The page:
Sago Palm
Online ISSN : 2758-3074
Print ISSN : 1347-3972
Original article
Staple Food Shift in Papua, Indonesia: A Discussion based on the Study of Diabetic Patients and the Cultural Significance of Sago Palm
Yumi Kimura Rise Sasaki
ジャーナル フリー

2022 年 29 巻 2 号 p. 53-62


 This paper focuses on the shift in staple food from sago to rice in Papua, Indonesia, by investigating the background of food choices among diabetic patients. In addition to the fieldwork, a literature review was conducted to further discuss sago’s cultural significance. There has been a lifestyle shift enforced by modernization and communities migrating from outside the island at the author's field site in the town of Bade in Papua, and diabetes is emerging as a new health issue.
 A follow-up survey of the diabetic patients revealed that they had rice more frequently than sago as their staple food. To unravel the background of their food choices, the authors conducted fieldwork and interviews with 11 patients along with medical surveys in Bade from 2012–2013. The investigation focused on: (1) the financial background regarding obtaining sago and rice (a “rice distribution policy” intervention by the Indonesian government made the price of rice affordable to the people), (2) the lack of workers relating to sago management and starch refinement (linked to changes in labor structures), and (3) an aspiration toward rice with the historical background of rice as a prestigious food. Moreover, we found that the doctors at the Puskesmas Public Health Center recommended that their participants eat rice instead of sago in the absence of adequate information about local diet and health.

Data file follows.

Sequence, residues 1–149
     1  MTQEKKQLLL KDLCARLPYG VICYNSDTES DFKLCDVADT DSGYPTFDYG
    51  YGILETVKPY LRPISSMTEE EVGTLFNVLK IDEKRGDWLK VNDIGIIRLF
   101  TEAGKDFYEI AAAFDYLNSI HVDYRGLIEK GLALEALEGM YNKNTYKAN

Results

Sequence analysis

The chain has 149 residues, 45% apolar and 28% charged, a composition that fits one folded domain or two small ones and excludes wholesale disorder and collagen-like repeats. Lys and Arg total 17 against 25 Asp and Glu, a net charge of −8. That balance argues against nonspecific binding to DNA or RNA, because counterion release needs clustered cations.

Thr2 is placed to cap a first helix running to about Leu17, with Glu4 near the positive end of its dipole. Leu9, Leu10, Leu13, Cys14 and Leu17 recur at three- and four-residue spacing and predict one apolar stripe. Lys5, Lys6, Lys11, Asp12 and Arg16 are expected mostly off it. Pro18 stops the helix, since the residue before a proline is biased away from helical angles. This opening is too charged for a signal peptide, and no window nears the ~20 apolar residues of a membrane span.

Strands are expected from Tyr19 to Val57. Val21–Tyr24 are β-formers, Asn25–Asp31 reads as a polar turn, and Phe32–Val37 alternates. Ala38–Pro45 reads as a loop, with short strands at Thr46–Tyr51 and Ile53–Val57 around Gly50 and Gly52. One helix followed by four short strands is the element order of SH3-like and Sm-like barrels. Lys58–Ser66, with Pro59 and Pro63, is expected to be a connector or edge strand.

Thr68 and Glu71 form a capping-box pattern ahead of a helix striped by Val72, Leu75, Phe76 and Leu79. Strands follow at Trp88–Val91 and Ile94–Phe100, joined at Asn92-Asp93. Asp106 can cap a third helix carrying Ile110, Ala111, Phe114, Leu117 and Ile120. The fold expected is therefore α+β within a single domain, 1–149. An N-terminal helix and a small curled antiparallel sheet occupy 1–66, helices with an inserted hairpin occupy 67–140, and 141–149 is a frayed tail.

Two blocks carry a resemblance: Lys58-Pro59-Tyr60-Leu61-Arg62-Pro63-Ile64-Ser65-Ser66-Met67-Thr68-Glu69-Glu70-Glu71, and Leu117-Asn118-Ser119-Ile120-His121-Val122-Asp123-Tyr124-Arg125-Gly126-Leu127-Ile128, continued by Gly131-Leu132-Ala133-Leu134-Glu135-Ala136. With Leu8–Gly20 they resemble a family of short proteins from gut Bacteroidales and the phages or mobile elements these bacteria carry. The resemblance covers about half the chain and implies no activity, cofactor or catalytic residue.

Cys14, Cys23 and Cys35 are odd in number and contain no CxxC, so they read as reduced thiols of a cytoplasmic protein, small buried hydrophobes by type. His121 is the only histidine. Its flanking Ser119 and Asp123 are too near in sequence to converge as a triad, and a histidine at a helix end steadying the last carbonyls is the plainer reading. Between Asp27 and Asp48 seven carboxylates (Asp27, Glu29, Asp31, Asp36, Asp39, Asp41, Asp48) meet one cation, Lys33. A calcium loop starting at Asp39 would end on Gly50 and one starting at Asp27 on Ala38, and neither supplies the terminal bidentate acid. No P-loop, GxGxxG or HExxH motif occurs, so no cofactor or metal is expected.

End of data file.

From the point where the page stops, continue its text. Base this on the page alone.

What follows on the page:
When discussing the decline in sago intake, understanding its cultural background was crucial. For this reason, we conducted a literature review to deconstruct and grasp sago’s significance in society, with a particular focus on people’s beliefs and values. The findings suggested that sago holds a strong mythical presence in the New Guinea region and contributed to the structure of the gendered division of labor. Sago had—and perhaps still has—an important position in the socially constructed society. However, it was difficult to find recent literature regarding the contemporary understanding of sago in Papua. Therefore, the attitude toward sago in the local community is a topic for future research.

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